WeekDay Wanders in May
Aside from doing my regular 'pay what you want' weekend walks, I also do weekday walks if people enquire and would like me to do a special walk for a group. They don't have to be any of the three I do on Saturdays and Sundays and actually, the walks I've done just recently have all been completely different.
An epic stroll through the City of London - Peter, Liesbeth and Ezra were over for a few days from Holland, and were very kindly put in touch with me via Dutch blogger in London right now who not surprisingly writes about what she would do if she was in London ... right now. I put together a few suggestions for walks based upon various things they wished to see and they chose a walk that began in Covent Garden, moved down the Strand, taking in the 12th Century Temple Church, nipped in and out of the streets around Fleet Street, then after a brief stop off at St Paul's Cathedral cut through the City of London, through Leadenhall Market and down to the Tower of London. Here they are standing by the statue of Hodge, the beloved cat of Samuel Johnson who was responsible for compiling the first definitive English dictionary in 1755. Samuel Johnson compiled the dictionary, not his cat ... as far as I'm aware.
Fire of London walk - Just last week, I was asked to do a walk that followed the path of the Great Fire of London, a catastrophic event that occurred in 1666 and in just four days burnt down a vast swathe of the City of London. We began at the Monument, just a short distance from where the fire began in the bakery belonging to Thomas Farriner (or sometimes Farynor) and walked through the City towards Bank and then up to St Paul's Cathedral, which was engulfed in flames on the third day of the fire. Here you can see the group with the new St Paul's Cathedral in the background, the masterpiece of Sir Christopher Wren, who was responsible (along with a lot of help) for rebuilding the City after the fire.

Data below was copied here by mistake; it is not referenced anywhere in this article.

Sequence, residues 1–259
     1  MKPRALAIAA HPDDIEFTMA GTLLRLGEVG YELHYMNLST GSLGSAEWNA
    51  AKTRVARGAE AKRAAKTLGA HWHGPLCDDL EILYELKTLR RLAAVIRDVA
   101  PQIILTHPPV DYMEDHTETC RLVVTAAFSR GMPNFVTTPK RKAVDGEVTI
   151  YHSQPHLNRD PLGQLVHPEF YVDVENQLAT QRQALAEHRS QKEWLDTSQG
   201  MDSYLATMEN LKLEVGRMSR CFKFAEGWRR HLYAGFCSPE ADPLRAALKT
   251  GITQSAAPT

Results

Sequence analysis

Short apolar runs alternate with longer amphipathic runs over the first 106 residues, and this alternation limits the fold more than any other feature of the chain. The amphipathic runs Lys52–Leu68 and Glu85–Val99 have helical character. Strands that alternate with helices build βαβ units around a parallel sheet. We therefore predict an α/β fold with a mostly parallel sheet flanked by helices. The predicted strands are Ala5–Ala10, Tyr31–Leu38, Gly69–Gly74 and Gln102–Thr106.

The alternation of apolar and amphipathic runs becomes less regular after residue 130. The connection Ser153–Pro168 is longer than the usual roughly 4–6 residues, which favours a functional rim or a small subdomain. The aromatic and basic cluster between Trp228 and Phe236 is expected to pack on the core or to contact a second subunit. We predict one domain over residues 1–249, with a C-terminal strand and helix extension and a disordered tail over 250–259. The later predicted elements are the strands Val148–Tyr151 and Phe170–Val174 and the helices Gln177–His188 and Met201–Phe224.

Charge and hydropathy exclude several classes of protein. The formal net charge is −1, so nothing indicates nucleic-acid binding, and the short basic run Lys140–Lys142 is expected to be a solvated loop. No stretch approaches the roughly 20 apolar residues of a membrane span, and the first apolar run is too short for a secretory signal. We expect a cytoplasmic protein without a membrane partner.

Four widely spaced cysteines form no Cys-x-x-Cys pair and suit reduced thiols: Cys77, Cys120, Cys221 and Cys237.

A Westminster Wander - On Monday I had the pleasure of taking a school group on a walk around Westminster. We met in Trafalgar Square, then headed down Whitehall past the spot that was used as the entrance to the Ministry of Magic in Harry Potter and the Order of the Phoenix film, saw Banqueting House which was the real location for the execution of King Charles I in 1649, had a few photos taken with Horse Guards on their horses and ordinary guards without their horses, then nipped through St James's park to Buckingham Palace (which is currently hidden behind a recently erected temporary stadium for the Queen's Diamond Jubilee celebrations) then past St James's Palace and up to Piccadilly. Here they are outside the Royal Academy of Arts where I left them in time for the next activity on their schedule.
So there you have it. If you'd like me to do a weekday walk at some point, then let me know. The next regular weekend walks are on the 9th & 10th June.
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